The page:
But refactoring was a problem with Waterfall also. Yes we tried to get the framework right the first time, but we rarely did. Once a project gets into recursive refactoring, you are headed for the failed project scrap heap.

    My answer was that refactoring in Agile is really like any feature and a project always has to remember that developers get better the longer they work on something. So admitting that some early work isn’t as good as later work is reality. There can always be a version 2 to go back and make some changes. Just avoid getting in the trap of looking for perfection in version 1 and make sure you have someone with a great vision of architecture.

  • I’ve worked on waterfall projects and agile projects and on many projects that used both. I don’t think it’s an either/or proposition. Larger, more complex projects should lean towards waterfall but that doesn’t mean that parts of the project can’t be done from the agile side. Smaller less complex projects lean towards agile, but could use waterfall if a function within the project is complex. I see the biggest problem with waterfall to be expertise. If the project doesn’t have extremely sharp, knowledgeable, motivated, and personable project members (from the user side, the management side and the development side) then all the sins you mention for waterfall become evident.

  • Or you set up a false strawman and make fun of it, while thinking that IT is the entire universe and must be given the most of everything as it is the most important thing because it is the only thing.

    There is a place for agile. It is for small changes to existing projects. To some extent also for duplicating small simple projects.

    There is a place for a double helix (NOT a waterfall!!) to do new unique large complex unprecedented projects. The SYSTEMS architecture is composed of over a dozen other supporting architectures. They must coordinate and compromise to make the SYSTEMS architecture the best it can be.

    It is far better to take the time to get it right than to waste even more time trying to fix the problems caused by just doing it. Lincoln said if he needed to cut down a tree in an hour he would spend 50 minutes sharpening his ax first.

    The problem is always in the middle. Like with physics where Einstein’s view holds for the universe, and quantum stuff seems to hold for ultra tiny stuff, somewhere in the middle they both fall apart.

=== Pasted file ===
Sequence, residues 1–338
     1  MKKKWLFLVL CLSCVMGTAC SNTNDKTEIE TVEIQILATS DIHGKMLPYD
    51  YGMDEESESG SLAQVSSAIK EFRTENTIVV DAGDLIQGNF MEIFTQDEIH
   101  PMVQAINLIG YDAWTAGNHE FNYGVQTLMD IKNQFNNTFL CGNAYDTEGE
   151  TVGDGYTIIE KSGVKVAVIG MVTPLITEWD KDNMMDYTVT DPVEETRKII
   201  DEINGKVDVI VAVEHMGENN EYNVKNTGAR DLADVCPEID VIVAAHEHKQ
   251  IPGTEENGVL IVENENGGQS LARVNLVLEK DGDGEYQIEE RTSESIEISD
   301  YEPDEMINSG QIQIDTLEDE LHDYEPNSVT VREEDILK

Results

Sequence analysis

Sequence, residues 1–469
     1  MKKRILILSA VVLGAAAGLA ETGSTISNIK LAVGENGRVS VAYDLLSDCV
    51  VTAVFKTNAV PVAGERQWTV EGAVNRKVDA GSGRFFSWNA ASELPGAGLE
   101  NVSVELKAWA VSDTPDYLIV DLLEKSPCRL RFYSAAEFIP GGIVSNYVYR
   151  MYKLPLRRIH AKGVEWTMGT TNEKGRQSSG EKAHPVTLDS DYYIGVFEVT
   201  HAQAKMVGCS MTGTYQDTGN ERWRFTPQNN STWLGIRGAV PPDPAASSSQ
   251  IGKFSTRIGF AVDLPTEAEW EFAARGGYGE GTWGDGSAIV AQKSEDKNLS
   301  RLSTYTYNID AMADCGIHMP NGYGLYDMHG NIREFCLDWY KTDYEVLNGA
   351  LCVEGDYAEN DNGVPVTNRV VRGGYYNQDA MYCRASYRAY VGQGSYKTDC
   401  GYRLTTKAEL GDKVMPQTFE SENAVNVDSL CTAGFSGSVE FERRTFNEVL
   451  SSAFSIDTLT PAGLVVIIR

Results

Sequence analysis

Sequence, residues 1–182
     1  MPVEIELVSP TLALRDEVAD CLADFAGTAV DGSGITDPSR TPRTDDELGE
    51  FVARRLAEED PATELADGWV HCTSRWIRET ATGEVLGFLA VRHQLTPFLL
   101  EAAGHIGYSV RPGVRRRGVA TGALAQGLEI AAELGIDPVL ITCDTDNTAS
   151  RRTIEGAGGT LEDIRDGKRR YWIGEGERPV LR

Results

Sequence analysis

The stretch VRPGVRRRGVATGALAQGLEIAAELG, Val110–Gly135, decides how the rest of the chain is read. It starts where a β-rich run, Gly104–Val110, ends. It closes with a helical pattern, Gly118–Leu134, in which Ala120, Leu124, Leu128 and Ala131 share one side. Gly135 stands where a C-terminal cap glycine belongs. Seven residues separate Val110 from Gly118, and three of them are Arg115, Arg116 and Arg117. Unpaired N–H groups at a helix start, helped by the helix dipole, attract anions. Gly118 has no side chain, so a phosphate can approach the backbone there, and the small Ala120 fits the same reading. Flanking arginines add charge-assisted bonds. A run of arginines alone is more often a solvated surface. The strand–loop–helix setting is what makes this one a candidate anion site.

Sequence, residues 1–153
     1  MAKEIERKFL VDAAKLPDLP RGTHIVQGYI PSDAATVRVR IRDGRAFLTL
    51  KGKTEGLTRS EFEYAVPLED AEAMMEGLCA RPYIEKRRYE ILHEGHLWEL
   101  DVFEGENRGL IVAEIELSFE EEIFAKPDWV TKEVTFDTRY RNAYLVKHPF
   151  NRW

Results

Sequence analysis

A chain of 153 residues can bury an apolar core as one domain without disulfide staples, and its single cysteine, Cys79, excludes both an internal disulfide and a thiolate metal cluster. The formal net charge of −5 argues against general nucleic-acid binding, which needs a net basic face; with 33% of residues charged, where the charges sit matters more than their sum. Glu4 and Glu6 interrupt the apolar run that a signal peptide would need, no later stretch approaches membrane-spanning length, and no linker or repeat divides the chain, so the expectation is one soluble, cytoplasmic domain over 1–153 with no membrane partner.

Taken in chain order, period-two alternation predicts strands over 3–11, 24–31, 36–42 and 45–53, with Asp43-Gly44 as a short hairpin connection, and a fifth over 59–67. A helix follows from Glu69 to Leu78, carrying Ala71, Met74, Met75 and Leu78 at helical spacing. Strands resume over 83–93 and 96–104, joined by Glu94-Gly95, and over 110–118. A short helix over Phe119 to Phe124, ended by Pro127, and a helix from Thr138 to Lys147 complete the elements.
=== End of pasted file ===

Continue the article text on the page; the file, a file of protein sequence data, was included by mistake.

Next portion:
The same thing happens with writing as witness the same arguments between the pantsers who just sit down and write and the planners who are the successful professionals who hit word count on deadline while being compatible with previous episodes of a TV show or movie sequence by planning in advance.

    Personally I agile anything under 1500 words. After that I start doing more planning. For my book I followed Lincoln’s advice as noted above.

    Agile people deny the fundamental law of systems which says that optimizing subsystem(s) will sub optimize the total system. The corollary is that to optimize the total system you must suboptimize the sub systems.

    You can build a shed without a plan but trying to agile a massive cathedral would be a fail without a proper architecture to guide the tradesmen building it.

    • @ Pat La Pella:

      It depends. Agile has a place. A VERY SMALL place.

      It is okay for applying modest changes to existing systems that were architected properly to allow such changes to be done well.

      Agile is not a viable method to ARCHITECT design and then build larger systems while ignoring all the other factors that need to be considered such as security being built in integrally not tacked on later as an afterthought so it will always be failing to the next hacker who comes along.

      And like you note, the people will determine how wide the gray area is before double helix (NOT Waterfall !!) is the necessary approach to ensure that you do not fail miserably.

      Full disclosure: I come to this problem from the perspective of a SYSTEMS ARCHITECT whose experience is on new large complex unprecedented systems that are pushing technology to the limits to be feasible.

      If your world consists only of IT considerations for small changes to existing small simple commodity systems then your view may well be different. Especially if you do not really care about security like so many existing systems have shown to be the case.

      At least 4 major companies have been hacked so that my personal data has been stolen by the black hatters. Naturally I pay the cost of what happens next and the company writes it off as being a cheaper way of doing business than to worry about security up front.

      As long as speed of releasing something takes precedence over security, then security will always be vulnerable.

  • I had a development manager tell me a while ago that all projects become waterfall when (a) you’ve had the contract for a while, and (b) the external customer’s go-live is a week out.

    It’s “worse” now that I’ve been moving into the copywriting space: The contract has milestones and deadlines, and if you want to see the money, you’ll be meet them